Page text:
Image Rescue…

This weekend was the GLIAC Women’s Basketball Championship and it fell on me to document the occasion. Lucky for me the game was to be held on our campus, in our facility. That means no unnecessary traveling on my part, and more importantly it meant I would have access to the gym’s strobes.

Now access to the strobes is kind of a double-edged sword. The light created by the strobes is fairly uniform, and due to their positioning create light that has a little more edge. It also allows me to use a lower iso, stop down my aperture, and still hit 1/250 on the shutter. This means greater depth of field and clean sharp images.

Here the right-hand strobes were caught snoozin…

Add a little fill, bump the exposure, increase the blacks, and convert to black and white. From throw-away to half-way decent image in four steps.

However, it also means that I can only shoot when the strobes are ready. This wouldn’t be that much of an issue if our strobes recycled quickly, but they don’t. It seems to take our system somewhere between 1 and 2 seconds to recycle. This means that when a player drives for the basket I better be ready and hopefully I wasn’t fooled by the same fake jump-shot that created the opportunity for the drive.

Typically, I am happy to come away from a game with 6-12 good images. There will always be those images where you fired too quickly for the strobes to keep up, or maybe they just decided not to fire. Do you just delete these could-have-beens? Me… I say no. Don’t delete them, rescue them.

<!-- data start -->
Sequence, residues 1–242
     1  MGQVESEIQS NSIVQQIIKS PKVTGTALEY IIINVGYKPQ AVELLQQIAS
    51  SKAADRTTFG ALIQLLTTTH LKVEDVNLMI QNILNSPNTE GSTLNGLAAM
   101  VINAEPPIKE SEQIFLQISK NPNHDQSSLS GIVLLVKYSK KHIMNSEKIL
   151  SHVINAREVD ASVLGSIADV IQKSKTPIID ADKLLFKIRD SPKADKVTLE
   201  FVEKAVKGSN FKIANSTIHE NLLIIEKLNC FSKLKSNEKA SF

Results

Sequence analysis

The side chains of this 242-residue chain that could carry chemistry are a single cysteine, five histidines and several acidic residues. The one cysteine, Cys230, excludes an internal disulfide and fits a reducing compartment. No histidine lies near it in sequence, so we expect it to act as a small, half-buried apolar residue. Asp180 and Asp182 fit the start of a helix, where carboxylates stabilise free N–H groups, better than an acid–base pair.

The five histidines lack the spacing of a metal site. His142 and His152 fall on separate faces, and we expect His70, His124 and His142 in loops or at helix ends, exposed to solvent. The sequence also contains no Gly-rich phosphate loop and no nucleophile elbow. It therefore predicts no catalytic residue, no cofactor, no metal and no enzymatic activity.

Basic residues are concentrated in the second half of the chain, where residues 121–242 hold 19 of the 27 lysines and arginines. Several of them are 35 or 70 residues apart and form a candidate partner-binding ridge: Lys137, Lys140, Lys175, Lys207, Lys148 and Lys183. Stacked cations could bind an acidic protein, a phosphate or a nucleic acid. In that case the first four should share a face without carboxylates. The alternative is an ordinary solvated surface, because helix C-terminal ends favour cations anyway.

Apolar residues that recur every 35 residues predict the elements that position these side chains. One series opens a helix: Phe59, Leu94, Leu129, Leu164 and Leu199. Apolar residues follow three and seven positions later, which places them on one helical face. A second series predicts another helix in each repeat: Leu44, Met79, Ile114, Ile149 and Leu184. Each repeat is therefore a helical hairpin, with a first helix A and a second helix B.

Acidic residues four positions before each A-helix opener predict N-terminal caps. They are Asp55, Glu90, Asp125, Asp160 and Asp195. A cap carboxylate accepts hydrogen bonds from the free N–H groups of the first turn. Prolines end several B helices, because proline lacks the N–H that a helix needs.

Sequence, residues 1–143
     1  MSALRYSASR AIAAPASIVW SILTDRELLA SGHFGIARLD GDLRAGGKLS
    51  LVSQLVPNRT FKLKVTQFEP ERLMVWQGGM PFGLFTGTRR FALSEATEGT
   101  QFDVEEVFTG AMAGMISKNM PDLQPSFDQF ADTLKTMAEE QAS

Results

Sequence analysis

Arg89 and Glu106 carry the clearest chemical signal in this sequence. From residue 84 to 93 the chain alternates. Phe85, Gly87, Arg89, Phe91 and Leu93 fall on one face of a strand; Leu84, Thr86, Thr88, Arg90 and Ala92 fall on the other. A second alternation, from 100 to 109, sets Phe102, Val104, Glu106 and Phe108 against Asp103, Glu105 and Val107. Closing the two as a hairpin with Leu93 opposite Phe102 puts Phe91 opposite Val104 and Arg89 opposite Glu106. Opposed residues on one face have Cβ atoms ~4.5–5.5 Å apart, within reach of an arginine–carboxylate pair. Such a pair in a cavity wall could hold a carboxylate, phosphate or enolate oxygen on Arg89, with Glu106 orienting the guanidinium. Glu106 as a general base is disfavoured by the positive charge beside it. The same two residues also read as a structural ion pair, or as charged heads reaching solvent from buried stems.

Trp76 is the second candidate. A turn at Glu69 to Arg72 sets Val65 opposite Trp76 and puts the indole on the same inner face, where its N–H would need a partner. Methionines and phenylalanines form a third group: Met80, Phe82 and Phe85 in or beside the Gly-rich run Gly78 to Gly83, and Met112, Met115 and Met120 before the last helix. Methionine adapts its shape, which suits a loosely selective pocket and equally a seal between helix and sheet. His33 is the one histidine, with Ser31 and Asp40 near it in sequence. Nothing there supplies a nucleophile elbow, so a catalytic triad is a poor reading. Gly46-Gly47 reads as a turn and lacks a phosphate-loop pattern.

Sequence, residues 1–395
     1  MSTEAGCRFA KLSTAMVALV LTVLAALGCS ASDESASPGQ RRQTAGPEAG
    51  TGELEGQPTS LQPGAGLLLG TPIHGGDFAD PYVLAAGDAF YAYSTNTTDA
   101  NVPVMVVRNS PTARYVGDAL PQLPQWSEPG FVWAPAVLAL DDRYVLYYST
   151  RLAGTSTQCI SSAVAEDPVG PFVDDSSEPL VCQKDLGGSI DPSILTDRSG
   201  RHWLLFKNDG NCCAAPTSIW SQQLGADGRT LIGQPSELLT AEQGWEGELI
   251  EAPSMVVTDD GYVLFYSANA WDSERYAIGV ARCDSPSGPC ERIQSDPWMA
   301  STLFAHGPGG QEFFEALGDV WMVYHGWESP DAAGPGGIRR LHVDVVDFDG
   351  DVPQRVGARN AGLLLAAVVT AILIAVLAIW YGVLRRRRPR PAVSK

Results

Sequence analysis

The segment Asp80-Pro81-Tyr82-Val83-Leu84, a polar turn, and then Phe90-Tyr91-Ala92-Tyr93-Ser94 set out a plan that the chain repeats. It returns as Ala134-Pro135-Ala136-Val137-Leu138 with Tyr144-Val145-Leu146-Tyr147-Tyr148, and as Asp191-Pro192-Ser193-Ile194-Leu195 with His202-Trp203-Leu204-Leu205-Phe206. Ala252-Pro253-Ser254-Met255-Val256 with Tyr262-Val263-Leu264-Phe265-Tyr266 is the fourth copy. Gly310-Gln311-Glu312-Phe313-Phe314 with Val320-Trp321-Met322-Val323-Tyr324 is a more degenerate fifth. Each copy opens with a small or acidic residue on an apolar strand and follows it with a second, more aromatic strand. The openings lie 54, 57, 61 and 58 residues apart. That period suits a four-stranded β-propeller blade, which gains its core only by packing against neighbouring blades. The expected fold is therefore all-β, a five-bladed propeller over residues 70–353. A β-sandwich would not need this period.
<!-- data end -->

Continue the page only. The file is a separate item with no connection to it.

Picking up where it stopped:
No strobe at all. I believe I was fooled by a fake shot from outside and wasted the strobe trying to capture that moment.

Fortunately though, I still pulled the trigger and resisted the urge to press the delete button after chimping. Again, by pushing the exposure, increasing the contrast and fill light, then coverting to black and white you might be able to save something most people would delete.

I’ll leave you with this. Even if you are 100% sure you don’t have a chance… push the button. You can never be 100% sure, and you may just surprise yourself. Also, stay away from that delete button. Are you really that hard up for memory? I didn’t think so. Wait until you get home and can view the image on a proper screen. And don’t forget to play around. Certain images are just no good. Feel free to put those in the vertical file. But you will find some that are worth keeping. Just convert to black and white if the noise starts to get out of hand, give it a fancy name, and call it art.

Well, back to wishing for open water so I can put the yak back in the water.

Later.

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